Furthermore, even when the bowl 70 and the weight 92 perform oscillating motion repeatedly, the phase of the bowl 70 matches with the phase of the weight 92, so that vibration can be inhibited continuously even when the rotary feeder 1 is operated continuously.

In the rotary feeder 1 according to the present embodiment, the bowl 70 is oscillated while the two outward-facing cam faces 32 a and 32 b of the pair of oscillating cams 32 provided in the axial direction of the input shaft 30 with a spacing therebetween are respectively in contact with the first cam followers 35 a and 35 b provided on the bowl 70 via the output turret 22, so that a cam constituted by the two cam faces 32 a and 32 b is sandwiched between the two first cam followers 35 a and 35 b. For this reason, the bowl 70 can be oscillated with high precision by the cam mechanism that does not lead to occurrence of backlash. Moreover, the two inward-facing cam faces 32 c and 32 d of the pair of oscillating cams 32 are in contact with the second cam follower 37 provided on the weight 92 via the balancer turret 94, so that the second cam follower 37 of the weight 92 is sandwiched between the two cam faces 32 c and 32 d while contacting them. For this reason, the weight 92 can be oscillated with high precision by a cam mechanism that does not lead to occurrence of backlash. That is, vibration due to backlash does not occur neither when the bowl 70 oscillates nor when the weight 92 oscillates. Furthermore, since the two cam mechanisms are configured in such a manner that they share the pair of oscillating cams 32, the size of the cam mechanisms can be reduced.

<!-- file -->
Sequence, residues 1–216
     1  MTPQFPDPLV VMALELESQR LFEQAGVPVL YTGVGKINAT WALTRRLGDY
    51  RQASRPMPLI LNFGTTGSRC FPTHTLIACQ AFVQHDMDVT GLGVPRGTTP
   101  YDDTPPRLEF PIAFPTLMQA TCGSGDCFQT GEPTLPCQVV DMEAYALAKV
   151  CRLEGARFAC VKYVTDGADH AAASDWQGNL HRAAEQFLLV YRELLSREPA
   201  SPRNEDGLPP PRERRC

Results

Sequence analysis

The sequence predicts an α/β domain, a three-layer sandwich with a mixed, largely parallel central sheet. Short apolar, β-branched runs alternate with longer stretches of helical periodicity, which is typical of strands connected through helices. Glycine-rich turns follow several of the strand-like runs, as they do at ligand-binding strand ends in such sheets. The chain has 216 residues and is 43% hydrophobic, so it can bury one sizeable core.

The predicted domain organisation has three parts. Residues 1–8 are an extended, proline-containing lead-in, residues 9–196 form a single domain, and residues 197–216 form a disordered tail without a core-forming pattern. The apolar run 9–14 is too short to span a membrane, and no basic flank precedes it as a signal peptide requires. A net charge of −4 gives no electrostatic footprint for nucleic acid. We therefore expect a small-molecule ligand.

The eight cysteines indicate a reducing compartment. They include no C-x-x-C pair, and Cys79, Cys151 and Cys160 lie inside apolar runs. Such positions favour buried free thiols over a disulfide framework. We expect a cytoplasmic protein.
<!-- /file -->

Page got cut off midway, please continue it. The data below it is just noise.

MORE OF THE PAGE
Furthermore, in the rotary feeder 1 according to the present embodiment, the bowl 70 is caused to perform reciprocating motion in the vertical direction by the constant diameter cam mechanism, so that it is possible to change the normal force exerted on the carry face of the bowl 70 by the article when the article is carried. Thus, it is possible to carry the article efficiently by changing the friction between the article and the carry face.